• Leave lingering effects on an inhabitant or visitor

GM Moves

But even beyond the specific Danger moves, there are three GM moves that very closely match your implicit moves:

  • Show signs of an approaching threat
  • Reveal an unwelcome truth
  • Tell them the […] consequences and ask

Nothing here says the that the signs, unwelcome truth or consequences need to be improvised. Quite the opposite! Following from your Things to Do (“Exploit your prep”), your Agenda (“Portray a fantastic world”) and your principles (see above), it's very clear that you are supposed to take these from what you have already established and prepared, so it's okay to note down such ideas with your Fronts. Just make sure that you still “Make a Move that Follows” instead of randomly throwing your prep at players!

And don't forget that one of your Moves (not listed there, but by Everything a GM can Do is a Move it is one) is to invent a new World Move, and those can very much elaborate your set pieces, reflect more plot-weaving and give difficult choices, without having to be thought up on the spot.

… Leave Blanks

So, where are the stumbling stones for high prep? And for the moment, I can only point these out and not give you evidence-based advice how much they lead to conflict between your play style and rules Powered by the Apocalypse and how to fix that, please down-vote if you find that disappointing.

(1)

Draw maps, leave blanks When you draw a map, don't try to make it complete.

it says. So if you wanted to fill a complete village to the last detail, you would be working against this Principle. But it goes on to say

As you'll play, you get more ideas and the players will give you inspiration.

That means, a main purpose of this principle is to give yourself as the GM space to expand into when the players surprise you. Given that you want to keep “Asking questions to let players establish setting or details”, you will either have to keep this Principle, or damn players' contributions to meaninglessness, in which case what are you keeping this thing for?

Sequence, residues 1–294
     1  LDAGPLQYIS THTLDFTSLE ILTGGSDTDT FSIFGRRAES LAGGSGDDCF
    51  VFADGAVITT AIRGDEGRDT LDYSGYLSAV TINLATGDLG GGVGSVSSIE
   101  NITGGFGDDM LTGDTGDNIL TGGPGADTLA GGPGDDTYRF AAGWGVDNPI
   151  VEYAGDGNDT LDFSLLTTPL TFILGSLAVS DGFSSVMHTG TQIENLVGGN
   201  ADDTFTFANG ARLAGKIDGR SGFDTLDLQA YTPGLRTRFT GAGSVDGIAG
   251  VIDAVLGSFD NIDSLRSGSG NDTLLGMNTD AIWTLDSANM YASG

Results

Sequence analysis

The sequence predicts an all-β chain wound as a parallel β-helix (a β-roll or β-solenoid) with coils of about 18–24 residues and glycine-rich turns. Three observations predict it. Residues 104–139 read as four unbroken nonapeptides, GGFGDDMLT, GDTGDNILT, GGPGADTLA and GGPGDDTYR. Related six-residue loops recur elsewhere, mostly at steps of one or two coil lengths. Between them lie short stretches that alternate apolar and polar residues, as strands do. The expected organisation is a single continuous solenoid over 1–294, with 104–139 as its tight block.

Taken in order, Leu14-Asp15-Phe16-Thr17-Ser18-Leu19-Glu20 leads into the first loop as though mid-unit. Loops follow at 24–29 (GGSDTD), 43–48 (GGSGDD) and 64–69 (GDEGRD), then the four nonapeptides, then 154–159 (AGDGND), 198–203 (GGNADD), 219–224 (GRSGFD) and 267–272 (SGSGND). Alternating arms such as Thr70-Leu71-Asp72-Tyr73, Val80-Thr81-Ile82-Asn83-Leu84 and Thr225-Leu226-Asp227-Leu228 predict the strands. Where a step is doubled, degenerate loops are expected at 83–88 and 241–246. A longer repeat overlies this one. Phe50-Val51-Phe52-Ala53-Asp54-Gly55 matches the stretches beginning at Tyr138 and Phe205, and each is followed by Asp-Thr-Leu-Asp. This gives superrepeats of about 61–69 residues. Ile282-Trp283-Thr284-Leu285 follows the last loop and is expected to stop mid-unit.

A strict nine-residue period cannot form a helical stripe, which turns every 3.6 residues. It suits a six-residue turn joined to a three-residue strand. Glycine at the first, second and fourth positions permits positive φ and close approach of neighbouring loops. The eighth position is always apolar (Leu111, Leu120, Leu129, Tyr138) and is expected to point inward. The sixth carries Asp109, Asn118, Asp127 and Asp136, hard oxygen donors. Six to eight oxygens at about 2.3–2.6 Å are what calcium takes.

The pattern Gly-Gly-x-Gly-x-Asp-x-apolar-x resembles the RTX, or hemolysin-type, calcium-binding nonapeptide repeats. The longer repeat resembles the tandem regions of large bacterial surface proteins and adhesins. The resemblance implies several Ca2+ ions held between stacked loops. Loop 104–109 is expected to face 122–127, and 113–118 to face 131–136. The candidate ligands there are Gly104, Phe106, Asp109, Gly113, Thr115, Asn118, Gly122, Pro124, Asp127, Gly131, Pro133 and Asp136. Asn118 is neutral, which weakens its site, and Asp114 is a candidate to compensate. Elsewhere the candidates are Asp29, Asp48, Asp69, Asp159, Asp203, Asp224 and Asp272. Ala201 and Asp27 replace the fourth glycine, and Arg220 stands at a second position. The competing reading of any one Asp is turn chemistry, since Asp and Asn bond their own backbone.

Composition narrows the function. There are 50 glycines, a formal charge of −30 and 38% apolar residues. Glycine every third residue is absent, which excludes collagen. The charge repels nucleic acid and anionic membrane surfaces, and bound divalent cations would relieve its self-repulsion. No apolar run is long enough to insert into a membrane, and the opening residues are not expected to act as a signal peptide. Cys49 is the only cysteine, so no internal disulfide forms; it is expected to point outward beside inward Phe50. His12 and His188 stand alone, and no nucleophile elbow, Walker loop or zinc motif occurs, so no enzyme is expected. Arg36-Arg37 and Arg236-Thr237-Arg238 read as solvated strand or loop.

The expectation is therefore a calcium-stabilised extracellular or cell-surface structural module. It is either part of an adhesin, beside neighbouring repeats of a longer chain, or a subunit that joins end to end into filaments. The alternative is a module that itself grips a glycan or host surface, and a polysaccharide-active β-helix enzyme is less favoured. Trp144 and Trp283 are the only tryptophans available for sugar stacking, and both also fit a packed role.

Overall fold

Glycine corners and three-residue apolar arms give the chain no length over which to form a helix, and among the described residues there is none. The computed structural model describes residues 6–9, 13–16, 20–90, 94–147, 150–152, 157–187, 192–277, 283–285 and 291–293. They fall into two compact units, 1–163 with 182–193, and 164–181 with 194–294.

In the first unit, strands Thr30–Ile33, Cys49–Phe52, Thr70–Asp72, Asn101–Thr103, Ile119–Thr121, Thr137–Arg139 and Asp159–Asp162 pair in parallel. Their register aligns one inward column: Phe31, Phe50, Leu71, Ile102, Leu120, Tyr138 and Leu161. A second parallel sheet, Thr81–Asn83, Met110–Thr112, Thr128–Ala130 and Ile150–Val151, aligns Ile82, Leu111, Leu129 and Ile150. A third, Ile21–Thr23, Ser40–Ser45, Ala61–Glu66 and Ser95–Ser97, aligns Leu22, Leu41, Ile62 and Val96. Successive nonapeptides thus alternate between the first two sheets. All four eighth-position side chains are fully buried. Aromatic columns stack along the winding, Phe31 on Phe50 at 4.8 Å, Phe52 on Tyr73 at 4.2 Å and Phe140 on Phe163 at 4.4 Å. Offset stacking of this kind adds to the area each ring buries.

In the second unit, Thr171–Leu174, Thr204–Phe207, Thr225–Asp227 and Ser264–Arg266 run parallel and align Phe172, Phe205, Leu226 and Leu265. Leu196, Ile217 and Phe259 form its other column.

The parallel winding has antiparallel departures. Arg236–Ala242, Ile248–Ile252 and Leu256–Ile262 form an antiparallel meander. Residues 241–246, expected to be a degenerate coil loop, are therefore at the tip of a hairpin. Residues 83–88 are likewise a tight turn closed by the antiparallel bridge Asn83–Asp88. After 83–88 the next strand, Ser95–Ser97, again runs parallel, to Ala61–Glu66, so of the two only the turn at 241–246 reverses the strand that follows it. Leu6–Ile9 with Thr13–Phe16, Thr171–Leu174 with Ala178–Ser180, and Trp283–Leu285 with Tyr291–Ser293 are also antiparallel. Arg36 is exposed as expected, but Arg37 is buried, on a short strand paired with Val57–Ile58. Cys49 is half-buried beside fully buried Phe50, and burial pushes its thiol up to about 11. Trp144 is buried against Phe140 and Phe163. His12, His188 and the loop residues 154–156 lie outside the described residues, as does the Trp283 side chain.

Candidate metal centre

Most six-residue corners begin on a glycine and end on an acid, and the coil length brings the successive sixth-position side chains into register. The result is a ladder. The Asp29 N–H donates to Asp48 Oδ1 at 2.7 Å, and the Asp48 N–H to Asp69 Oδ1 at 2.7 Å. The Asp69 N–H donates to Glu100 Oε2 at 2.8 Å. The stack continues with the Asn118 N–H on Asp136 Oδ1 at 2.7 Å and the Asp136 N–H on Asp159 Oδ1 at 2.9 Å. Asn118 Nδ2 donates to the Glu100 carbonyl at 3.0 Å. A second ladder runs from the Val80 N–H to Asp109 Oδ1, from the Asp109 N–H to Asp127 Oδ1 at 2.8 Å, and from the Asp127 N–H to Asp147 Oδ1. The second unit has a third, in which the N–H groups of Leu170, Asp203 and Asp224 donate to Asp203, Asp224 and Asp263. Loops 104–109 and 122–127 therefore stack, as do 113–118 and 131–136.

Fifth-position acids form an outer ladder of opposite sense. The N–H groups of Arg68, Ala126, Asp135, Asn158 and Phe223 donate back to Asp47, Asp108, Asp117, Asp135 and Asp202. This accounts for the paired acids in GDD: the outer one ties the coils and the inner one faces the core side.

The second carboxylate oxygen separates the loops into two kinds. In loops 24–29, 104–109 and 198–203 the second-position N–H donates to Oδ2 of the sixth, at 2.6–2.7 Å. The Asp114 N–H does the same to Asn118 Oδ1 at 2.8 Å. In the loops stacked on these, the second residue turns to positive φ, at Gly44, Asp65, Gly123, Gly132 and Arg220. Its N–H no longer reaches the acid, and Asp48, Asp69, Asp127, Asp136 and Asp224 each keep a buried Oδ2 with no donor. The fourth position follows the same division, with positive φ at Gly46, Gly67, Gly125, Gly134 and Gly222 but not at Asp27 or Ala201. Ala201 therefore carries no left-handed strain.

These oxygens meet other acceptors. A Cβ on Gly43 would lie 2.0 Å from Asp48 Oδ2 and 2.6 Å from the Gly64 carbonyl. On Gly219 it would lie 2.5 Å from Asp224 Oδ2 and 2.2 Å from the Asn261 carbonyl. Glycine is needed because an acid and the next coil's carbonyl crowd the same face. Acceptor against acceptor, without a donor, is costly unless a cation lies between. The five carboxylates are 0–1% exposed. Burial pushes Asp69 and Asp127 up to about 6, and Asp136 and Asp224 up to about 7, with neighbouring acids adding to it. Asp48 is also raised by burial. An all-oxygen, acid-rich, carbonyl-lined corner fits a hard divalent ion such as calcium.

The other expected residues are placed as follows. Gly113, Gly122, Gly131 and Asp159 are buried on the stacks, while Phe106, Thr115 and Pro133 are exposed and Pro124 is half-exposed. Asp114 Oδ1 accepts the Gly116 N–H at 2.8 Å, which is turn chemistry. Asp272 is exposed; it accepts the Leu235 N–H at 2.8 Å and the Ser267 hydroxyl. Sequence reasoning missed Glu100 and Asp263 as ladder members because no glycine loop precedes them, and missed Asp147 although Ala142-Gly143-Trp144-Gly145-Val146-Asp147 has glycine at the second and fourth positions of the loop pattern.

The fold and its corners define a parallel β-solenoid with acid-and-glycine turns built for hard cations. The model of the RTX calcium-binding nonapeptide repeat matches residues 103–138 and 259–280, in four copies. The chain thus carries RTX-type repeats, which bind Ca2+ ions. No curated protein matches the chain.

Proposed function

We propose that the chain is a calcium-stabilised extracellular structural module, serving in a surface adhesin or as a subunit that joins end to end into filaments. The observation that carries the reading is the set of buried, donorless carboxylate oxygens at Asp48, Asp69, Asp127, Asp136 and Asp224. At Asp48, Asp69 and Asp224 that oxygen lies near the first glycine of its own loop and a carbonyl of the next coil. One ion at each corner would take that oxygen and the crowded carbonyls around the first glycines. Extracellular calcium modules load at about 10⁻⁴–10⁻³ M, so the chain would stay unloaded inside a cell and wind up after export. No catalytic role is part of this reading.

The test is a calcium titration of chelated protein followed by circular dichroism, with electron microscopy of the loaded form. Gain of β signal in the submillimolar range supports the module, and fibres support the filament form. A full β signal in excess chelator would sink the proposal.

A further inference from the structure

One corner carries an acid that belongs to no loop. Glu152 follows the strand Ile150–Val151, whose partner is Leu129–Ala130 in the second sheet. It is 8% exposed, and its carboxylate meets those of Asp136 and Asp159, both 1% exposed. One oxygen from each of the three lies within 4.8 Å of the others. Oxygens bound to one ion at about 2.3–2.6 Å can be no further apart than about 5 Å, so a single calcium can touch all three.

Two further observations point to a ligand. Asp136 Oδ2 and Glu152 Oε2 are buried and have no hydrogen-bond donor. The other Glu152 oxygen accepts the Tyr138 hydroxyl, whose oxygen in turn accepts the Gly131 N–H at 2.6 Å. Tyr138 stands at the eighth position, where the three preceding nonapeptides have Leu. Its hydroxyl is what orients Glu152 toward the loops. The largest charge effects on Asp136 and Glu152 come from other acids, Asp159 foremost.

(2)

Part of playing to find out what happens is explicitly not knowing everything

This would normally be a thing that I don't associate with high-prep play, but on the one hand, you explicitly want to keep that element, and on the other hand, the explanation of this principle restricts itself to enforcing that you keep the question “What do you do?” open, so there's actually no conflict here. Actually, I'm pretty sure that I will be hard-pressed to find any example of a question “crossing the line” in the DW rules.

If you want to keep “Moves with the ability to affect the fiction in a storylike manner (e.g, declaring the existence of a secret door by rolling well on searching for one)”, you just can't know everything before all such Moves have been used (i.e. at the end of the campaign).

(3) First-session Goals, in particular

  • Look for interesting facts
  • Use what they give you

These is probably the hardest first-session Goal to do in a high-prep game, because in a high-prep game you likely want to start with some Fronts prepared. For one-shots, I do prepare a front, but I am very willing to only use part or nothing of it if character creation turns out interesting.

I therefore think that the thing that needs most change is the first session, for which you have to radically alter the first session Goals and thus the procedure. From one-shots, where this is very much necessary, as well, I get the impression that it is possible without sacrificing the other things over the rest of the campaign, but I will have to gather evidence on how this actually works.